The Cost Of The Pandemic

The Budget has delivered an opportunity to the gov to provide an update as to the cost of the pandemic and how much cash is being spent on the recovery plans.

Following on the theme from last autumn’s Budget update, Alf Cannan says it is estimated that Covid has had an impact of about £208m. This includes a revenue deficit of c£74m, an expectation that FERSA (see below) will be about 10% down, £53m is forecast to be drawn from the contingency funds, £71m will be taken from the National Insurance Fund and up to £10m Emergency Recovery Funds.

The Treasury says this is ‘significantly lower than feared in April, but very significant nonetheless’. 

The forecasted hit to the public piggy bank for 2020/21 financial year:

  • Income Taxes – £23.2m down

  • VAT and duty – £45.6m down

  • National Insurance receipts – £2.4m down

  • Other income – £18.7m down

Directly, the gov spent c£108m of taxpayers’ money on the pandemic and economic recovery so far:

  • Salary Support – £61.3m between 12,490 people

  • MERA – £9.5m between 3,800 people

  • Coronavirus Business Support Scheme – £14m between 3,200 businesses

  • Sector Specific Strategic Capacity (April 20 – April 21) – £10m

  • Travel and Tourism – £1.7m

  • Fisheries – £1m

As well as the National Insurance Holiday, VAT deferral and cutting VAT to 5% on certain goods and services, additional support has been provided for:

  • Deposit Loan Guarantee (80% guarantee) – £40m

  • Working Capital Loan (100% guarantee) – £10m

  • Business Capacity (50% funding) – £0.6m

Meanwhile, the Economy Recovery Funding, which the gov has used to provide a platform for exiting the pandemic, has supported:

  • Extra capacity at UCM – £938,000

  • Additional funding for students – £3m

  • Manx Restart Scheme – £1.75m

  • Medicinal cannabis – £550,000

  • Fibre broadband rollout acceleration – £1.4m

  • Town and village regeneration – £1m

Total funding from the scheme this financial year and next could total £40m, with £100m made available.

Mr Cannan said: ‘We find ourselves operating in a changed world, but this Budget will provide the stability and targeted investment needed for the future.  As a nation, we can take confidence from the fact that we have been able to withstand external challenges thanks to the resilience of the economy and the health of our reserves.  In the face of a pandemic, our targeted approach to public finances over recent years has placed us in a strong position, enabling us to withstand the pandemic’s impact and build for the future.’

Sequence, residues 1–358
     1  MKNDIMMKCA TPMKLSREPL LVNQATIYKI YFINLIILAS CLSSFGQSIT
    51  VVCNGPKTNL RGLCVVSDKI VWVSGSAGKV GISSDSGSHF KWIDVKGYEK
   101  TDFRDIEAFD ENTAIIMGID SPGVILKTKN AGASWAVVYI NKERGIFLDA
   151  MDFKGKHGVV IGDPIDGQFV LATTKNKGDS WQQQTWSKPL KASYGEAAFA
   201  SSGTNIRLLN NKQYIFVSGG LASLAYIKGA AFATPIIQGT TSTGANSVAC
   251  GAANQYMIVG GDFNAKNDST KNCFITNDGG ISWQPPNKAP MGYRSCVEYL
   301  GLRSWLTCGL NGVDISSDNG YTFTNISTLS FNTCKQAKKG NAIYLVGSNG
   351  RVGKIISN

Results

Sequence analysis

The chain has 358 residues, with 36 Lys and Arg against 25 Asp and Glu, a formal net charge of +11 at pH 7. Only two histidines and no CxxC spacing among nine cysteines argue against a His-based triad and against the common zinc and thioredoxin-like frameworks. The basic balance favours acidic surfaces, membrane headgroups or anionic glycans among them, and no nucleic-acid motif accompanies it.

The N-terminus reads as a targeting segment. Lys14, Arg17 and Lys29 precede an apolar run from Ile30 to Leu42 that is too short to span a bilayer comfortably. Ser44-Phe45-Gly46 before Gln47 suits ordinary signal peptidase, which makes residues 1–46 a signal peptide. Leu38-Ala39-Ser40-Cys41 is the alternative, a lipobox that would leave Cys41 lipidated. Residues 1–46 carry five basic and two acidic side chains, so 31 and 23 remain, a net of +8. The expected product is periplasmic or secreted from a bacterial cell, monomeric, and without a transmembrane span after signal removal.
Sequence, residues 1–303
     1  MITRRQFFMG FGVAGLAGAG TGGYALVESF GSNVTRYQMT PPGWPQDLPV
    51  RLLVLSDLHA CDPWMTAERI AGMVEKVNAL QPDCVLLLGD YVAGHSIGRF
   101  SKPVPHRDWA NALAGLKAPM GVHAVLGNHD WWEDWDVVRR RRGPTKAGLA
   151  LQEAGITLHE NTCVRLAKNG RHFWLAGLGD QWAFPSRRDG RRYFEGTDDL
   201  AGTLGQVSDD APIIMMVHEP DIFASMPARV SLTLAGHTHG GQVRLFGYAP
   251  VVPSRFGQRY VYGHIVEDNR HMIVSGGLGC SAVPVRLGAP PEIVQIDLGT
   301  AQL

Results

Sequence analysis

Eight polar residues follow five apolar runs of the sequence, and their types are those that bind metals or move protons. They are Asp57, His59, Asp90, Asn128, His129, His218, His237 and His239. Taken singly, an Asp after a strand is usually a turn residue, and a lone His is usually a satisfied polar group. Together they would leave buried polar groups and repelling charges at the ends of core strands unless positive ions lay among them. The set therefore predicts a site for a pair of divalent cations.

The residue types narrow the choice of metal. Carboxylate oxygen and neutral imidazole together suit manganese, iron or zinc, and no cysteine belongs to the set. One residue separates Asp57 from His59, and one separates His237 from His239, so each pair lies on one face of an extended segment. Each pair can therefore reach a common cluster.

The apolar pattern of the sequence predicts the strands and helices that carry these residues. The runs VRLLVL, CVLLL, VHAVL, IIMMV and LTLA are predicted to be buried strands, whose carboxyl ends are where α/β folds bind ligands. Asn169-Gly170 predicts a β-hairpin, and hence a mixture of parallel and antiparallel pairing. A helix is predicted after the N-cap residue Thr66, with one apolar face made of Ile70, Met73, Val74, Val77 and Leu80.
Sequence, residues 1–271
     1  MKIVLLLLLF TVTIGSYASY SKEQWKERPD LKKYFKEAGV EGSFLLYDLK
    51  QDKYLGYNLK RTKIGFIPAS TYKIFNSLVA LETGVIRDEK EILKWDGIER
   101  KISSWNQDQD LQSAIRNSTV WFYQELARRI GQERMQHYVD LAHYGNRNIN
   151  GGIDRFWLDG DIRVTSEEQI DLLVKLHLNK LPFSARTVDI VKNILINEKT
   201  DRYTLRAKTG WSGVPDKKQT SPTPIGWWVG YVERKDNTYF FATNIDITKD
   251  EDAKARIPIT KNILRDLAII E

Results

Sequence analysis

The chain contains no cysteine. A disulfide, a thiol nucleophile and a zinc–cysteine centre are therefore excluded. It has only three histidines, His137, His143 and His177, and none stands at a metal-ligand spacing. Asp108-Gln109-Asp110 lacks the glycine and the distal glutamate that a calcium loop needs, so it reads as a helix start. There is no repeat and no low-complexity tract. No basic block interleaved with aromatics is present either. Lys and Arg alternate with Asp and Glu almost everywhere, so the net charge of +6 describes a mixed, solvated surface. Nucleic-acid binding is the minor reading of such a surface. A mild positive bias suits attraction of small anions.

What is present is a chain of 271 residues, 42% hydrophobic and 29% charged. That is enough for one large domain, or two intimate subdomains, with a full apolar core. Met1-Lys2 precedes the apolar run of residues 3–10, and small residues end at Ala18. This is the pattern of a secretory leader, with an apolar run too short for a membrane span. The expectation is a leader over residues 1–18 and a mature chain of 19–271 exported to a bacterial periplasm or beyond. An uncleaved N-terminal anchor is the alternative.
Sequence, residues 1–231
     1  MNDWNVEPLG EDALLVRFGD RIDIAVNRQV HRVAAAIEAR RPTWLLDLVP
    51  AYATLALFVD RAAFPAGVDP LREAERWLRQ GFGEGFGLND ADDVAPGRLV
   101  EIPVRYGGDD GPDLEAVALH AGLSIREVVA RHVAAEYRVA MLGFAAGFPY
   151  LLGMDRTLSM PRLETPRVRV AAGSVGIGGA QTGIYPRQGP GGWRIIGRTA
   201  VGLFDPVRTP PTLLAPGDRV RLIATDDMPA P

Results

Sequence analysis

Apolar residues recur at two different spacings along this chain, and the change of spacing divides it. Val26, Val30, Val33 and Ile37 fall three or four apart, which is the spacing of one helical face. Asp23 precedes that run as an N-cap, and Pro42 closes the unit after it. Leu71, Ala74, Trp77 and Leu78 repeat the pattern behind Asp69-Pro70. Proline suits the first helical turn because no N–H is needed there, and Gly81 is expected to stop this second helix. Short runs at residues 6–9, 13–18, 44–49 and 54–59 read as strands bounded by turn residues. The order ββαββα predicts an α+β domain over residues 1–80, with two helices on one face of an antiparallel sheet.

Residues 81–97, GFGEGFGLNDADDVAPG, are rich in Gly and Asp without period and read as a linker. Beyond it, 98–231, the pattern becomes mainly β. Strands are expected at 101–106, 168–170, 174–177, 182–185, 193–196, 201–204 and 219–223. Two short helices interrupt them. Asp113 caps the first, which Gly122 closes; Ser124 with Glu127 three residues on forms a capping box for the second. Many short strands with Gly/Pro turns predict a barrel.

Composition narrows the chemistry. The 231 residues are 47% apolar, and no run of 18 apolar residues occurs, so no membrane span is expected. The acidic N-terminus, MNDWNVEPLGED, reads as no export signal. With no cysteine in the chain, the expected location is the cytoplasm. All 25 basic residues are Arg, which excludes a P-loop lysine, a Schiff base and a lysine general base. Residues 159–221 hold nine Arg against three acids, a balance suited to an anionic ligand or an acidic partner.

Recovery

Despite the cost of Covid, the Treasury’s key assumptions is that public sector revenue will ‘broadly recover’ to the level set out in the 2020/21 Budget by 2023/24. The two key elements of this projection are tax income and how the island’s economy recovers from the pandemic. 

The assumptions behind this are that tax revenues will fall in 2021/22 but then bounce back at ‘5% per annum for the next two years’. The other core element of tax income is shared indirect taxes collected through the Customs and Excise Agreement with the UK (FERSA).

Alternatives

Essentially there is an uncertainty over the economic outlook of the island. While public sector finances remain strong, there remains these chances could be too positive or too conservative. 

It is possible that the early and successful rollout of vaccines leading to a resurrection of the tourism industry, higher than anticipated revenues or more inward migration to the island leading increased economic growth may lead to the island being in a stronger financial position than currently believed.

However, a further lockdown, the economy suffering further shocks, a weaker than expected recovery, including key sectors being unable to recover or a further deterioration of the global markets eroding reserve values, could lead to a weaker performance than forecasted.

FERSA – The Final Expenditure Revenue Sharing Arrangement (FERSA) with the UK’s gov. FERSA is based on final expenditure by households and businesses and is designed to provide the Treasury with the revenue due to it from the consumption of goods and services in the island, whether purchased on or off the Island, including those bought over the internet and by mail order.